This is not a traditional Japanese recipe, although it makes use of various
traditional Japanese ingredients. Nor, despite allusions from the title to the
contrary, is it a traditional Italian recipe. Rather, it is a confusion of
cultures, a melding of mores, a pan-hemispheric hybrid of piquancy. And, more
importantly, it is rather delicious.
You will need the following to make enough sauce for a decent marinade for
Mix all the ingredients together and put them in a non-stick pan (or a
sticky pan, if someone else will be tidying up the mess) over a low heat. Stir
softly. After a while the sauce will start to thicken. When it does, give it a
few more minutes and then remove it from the heat — you're aiming for an
easily pourable sauce of single-cream consistency, not a thick French gravy.
So now you have your sauce. A good start, but not yet cause for a pantheon
of resplendent angels singing the Hallelujah chorus. At best you're in busker
territory here, and not a very good busker at that. This is, after all, only a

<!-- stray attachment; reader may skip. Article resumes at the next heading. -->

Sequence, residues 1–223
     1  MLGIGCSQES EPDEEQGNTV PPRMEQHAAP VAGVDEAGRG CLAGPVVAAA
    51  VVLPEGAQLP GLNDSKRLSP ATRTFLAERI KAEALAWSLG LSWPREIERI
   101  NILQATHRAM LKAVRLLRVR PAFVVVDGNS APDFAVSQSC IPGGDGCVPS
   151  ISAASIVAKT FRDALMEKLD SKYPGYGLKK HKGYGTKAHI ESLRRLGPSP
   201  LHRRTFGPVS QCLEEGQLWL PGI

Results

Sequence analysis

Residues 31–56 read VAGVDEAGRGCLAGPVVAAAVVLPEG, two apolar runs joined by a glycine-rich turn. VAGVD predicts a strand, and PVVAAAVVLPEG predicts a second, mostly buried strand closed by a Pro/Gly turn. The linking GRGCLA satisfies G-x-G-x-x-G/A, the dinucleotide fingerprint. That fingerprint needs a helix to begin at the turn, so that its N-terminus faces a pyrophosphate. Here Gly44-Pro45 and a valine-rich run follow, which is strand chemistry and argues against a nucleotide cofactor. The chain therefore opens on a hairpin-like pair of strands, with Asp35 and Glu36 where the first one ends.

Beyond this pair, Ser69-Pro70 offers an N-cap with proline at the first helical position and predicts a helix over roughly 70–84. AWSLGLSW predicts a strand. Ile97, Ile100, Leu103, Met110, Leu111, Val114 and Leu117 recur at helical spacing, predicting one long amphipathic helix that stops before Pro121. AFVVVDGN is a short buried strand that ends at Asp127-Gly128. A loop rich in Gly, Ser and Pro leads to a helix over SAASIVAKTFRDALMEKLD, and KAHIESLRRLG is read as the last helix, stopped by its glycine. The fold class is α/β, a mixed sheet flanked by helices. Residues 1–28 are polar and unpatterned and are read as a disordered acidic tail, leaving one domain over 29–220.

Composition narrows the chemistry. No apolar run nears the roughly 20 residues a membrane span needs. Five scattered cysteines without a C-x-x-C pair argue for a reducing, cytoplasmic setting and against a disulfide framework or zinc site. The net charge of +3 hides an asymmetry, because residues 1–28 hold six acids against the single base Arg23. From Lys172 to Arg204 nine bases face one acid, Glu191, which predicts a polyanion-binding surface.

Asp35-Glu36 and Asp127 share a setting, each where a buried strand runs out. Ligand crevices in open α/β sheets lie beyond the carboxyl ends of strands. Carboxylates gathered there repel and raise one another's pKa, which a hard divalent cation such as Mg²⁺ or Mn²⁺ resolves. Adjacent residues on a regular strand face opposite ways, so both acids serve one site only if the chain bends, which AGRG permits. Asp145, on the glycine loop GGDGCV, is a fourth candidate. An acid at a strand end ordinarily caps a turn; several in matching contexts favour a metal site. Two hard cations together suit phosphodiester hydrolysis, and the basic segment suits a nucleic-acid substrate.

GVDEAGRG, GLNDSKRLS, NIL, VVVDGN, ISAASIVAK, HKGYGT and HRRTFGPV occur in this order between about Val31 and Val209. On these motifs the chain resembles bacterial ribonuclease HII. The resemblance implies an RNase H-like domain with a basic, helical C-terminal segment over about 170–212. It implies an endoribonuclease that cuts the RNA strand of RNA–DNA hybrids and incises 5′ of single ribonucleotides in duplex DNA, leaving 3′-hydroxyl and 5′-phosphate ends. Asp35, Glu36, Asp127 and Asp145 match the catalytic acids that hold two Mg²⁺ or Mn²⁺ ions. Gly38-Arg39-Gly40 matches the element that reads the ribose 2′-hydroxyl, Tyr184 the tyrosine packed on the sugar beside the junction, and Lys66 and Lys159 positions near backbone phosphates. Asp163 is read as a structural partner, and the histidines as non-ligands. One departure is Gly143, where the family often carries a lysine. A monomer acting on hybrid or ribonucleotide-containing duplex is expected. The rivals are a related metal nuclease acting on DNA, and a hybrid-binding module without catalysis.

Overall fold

The most obvious continuation is a marinade of pork or chicken with chopped
onions. Chop your meat of choice, mix in the sauce and onions, cover and leave
it in the fridge overnight. It can then be stir-fried with an assortment of
vegetables (carrots and peppers work well) and served with rice.
The sauce can also be used when grilling strips of meat. It may help to make
a slightly thicker sauce (use more arrowroot and cook for a bit longer)
Finally, the sauce can be bottled and kept in the fridge for a while and
poured onto noodles — it can turn a five minute student meal into
something that almost resembles proper food.